Janice C. Law, MD

    Florentino E. Palmon, MD

    Sharon D. Solomon, MD 


    Dianna L. Seldomridge, MD, MBA, secretary for Communications, nominates:

    Usiwoma E. Abugo, MD

    Hardeep S. Dhindsa, MD

    William E. Flanary, MD

    Janice C. Law, MD

    Raj K. Maturi, MD

    Member Services

    Aaron M. Miller, MD, secretary for Member Services, nominates:

    Paul P. Lee, MD, JD

    Peter A. Quiros, MD

    Arvind Saini, MD, MBA

    Terri L. Young, MD, MBA

    Global Alliances

    R.V. Paul Chan, MD, secretary for Global Alliances, nominates:

    Soheil Adib-Moghaddam, MD

    Eyes on Ukraine

    Linda M. Lawrence, MD

    Thulasiraj Ravilla, MBA

    Ukrainian Alliance of Ophthalmologists


    Russell N. Van Gelder, MD, PhD, Ophthalmology Editor, nominates: 

    Andrew R. Carey, MD

    Matthew Timothy Feng, MD

    Lorraine M. Provencher, MD

    Rajesh C. Rao, MD

    Edmund Tsui, MD

    Ophthalmology Glaucoma

    Henry D. Jampel, MD, MHS, Ophthalmology Glaucoma Editor-In-Chief, nominates:

    Philip P. Chen MD

    Paula Anne Newman-Casey, MD, MS

    Gary D. Novack, PhD

    Harry A. Quigley, MD

    Alan L. Robin, MD

    Ophthalmology Retina

    Andrew P. Schachat, MD, Ophthalmology Retina Editor-in-Chief, nominates:

    Michael P. Blair MD

    Lauren A. Dalvin, MD

    Khalil Ghasemi Falavarjani, MD

    Rahul N. Khurana, MD

    Michael A. Klufas, MD

    Annual Business Meeting Is on Friday, Sept. 30

    Notice is hereby given that the Annu­al Business Meeting of the American Academy of Ophthalmology will be held Friday, Sept. 30, 2022, in E354 at the McCormick Place Convention Center in Chicago as part of the AAO 2022 Opening Session (from 5:00 to 6:30 p.m. CT). Candidates for Academy membership will be approved during this meeting. Following the Annual Business Meeting, election ballots for open board positions and the proposed amendment to the Code of Ethics will be sent to voting fellows and members.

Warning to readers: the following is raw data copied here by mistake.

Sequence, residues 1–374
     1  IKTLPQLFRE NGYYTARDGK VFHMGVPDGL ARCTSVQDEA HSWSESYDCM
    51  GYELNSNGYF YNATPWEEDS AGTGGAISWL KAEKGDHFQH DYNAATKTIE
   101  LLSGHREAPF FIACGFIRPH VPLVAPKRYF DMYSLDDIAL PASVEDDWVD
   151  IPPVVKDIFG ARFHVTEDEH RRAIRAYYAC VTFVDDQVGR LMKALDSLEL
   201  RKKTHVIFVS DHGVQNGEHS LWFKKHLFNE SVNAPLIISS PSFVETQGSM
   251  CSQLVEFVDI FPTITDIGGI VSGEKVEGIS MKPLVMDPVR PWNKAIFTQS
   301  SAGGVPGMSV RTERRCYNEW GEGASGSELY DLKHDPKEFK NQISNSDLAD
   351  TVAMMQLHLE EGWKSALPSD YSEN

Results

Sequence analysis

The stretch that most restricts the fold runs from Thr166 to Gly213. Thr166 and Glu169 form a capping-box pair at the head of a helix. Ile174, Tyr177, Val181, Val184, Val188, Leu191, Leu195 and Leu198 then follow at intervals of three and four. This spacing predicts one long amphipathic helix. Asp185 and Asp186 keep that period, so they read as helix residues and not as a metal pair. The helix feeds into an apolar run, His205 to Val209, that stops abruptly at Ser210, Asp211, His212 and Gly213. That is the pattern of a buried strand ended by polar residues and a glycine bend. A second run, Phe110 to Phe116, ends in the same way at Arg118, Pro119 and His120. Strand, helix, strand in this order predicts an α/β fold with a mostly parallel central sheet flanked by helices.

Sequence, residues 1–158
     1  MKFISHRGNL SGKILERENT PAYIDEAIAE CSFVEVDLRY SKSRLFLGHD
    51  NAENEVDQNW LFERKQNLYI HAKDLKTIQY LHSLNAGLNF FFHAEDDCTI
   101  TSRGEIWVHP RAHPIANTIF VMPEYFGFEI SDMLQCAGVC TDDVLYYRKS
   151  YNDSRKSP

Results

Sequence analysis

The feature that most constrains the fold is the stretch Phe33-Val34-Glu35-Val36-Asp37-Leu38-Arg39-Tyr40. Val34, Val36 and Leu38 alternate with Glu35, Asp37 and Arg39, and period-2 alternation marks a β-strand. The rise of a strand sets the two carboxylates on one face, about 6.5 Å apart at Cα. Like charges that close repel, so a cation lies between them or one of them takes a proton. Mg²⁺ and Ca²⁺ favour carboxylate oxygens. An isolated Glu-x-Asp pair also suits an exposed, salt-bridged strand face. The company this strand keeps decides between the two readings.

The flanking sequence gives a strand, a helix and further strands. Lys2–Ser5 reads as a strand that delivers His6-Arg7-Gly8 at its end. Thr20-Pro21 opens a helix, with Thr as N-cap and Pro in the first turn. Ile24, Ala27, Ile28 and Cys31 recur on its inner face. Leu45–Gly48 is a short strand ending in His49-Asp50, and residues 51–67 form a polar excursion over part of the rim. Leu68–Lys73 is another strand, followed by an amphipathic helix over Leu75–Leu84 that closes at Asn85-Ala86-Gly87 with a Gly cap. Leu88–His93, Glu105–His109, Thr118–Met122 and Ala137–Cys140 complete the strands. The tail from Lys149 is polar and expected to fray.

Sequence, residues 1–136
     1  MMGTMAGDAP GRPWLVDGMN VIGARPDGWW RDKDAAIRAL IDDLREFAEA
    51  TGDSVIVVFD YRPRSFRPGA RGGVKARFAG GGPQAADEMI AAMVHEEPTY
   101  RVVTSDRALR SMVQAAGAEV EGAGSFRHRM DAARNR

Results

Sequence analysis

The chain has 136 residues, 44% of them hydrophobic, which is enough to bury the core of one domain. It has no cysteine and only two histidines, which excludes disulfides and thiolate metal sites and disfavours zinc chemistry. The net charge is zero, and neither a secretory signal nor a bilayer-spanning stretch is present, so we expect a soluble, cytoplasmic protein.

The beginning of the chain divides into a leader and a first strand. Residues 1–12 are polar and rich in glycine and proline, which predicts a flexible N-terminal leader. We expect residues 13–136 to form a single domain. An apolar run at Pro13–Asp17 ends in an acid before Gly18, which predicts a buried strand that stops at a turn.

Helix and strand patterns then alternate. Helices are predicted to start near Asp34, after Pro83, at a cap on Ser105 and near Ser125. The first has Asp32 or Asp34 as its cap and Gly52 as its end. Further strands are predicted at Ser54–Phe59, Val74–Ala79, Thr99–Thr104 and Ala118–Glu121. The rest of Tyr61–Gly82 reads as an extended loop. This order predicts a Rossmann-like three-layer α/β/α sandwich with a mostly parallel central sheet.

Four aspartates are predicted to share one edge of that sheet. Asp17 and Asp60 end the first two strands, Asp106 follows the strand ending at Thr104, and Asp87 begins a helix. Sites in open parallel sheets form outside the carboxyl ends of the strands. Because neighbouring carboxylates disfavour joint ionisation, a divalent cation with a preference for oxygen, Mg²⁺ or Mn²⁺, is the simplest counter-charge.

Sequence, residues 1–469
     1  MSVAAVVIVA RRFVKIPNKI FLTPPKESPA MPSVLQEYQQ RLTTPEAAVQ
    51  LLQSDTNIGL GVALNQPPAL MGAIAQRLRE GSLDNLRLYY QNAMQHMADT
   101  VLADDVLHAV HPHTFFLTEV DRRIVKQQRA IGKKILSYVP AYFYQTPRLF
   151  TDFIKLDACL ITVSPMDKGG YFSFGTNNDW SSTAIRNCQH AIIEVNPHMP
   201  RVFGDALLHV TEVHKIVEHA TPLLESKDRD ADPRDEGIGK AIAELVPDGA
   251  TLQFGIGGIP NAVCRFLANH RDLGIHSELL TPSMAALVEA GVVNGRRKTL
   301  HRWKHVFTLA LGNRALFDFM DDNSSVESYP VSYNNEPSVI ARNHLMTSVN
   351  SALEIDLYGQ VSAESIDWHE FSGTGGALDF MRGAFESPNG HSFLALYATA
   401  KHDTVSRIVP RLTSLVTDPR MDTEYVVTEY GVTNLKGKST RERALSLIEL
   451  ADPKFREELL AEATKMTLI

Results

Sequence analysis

For more information and to see the full program schedule, refer to the Opening Session page of the Mobile Meeting Guide at

    Proposed Amendment to the Code of Ethics

    The Board of Trustees recommends an amendment to Rule 13 of the Academy’s Code of Ethics for consideration and adoption by members. The amendment will be implemented by a majority vote via the Academy’s election.

    To view the proposed Code of Ethics amendment language, visit the Academy’s election page at


    Candidate for President-Elect

    Career. Pediatric ophthalmology and pediatric neuro-ophthalmology specialist; Wong Family Distinguished University Chair and Professor; Di­rector, Mitchel and Shannon Wong Eye Clinic, The University of Texas at Austin, Dell Medical School. Through­out my career, I have educated over 450 residents and over 60 fellows and have focused on being a strong advocate for providing care to the underserved.

    Academy service. Trustee-at-Large, Board of Trustees; Subspecialty Day in Pediatric Ophthalmology and Strabismus (planning committee, director); Lifetime Education for the Ophthalmologist committee (chair); Awards com­mittee (chair); Membership Advisory com­mittee (chair); BCSC, Volume 6 (faculty); Communica­tion Advisory Board; EyeNet Editorial Board; Membership Services com­mittee; Board of Trustees Nominating committee; Orbital Gala Planning com­mittee. Past President of AAPOS.